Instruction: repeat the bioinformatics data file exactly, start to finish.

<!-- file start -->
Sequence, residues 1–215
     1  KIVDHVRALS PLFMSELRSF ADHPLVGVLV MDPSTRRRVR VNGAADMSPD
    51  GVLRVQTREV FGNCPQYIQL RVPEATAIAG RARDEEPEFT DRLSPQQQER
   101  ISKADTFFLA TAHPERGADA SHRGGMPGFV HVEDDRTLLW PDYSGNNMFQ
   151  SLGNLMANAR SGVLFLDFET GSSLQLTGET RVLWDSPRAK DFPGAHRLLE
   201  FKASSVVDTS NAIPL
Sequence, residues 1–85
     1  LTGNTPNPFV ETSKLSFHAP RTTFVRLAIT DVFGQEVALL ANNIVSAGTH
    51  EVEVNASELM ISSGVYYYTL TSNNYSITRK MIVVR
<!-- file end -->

Sequence, residues 1–215
     1  KIVDHVRALS PLFMSELRSF ADHPLVGVLV MDPSTRRRVR VNGAADMSPD
    51  GVLRVQTREV FGNCPQYIQL RVPEATAIAG RARDEEPEFT DRLSPQQQER
   101  ISKADTFFLA TAHPERGADA SHRGGMPGFV HVEDDRTLLW PDYSGNNMFQ
   151  SLGNLMANAR SGVLFLDFET GSSLQLTGET RVLWDSPRAK DFPGAHRLLE
   201  FKASSVVDTS NAIPL
Sequence, residues 1–85
     1  LTGNTPNPFV ETSKLSFHAP RTTFVRLAIT DVFGQEVALL ANNIVSAGTH
    51  EVEVNASELM ISSGVYYYTL TSNNYSITRK MIVVR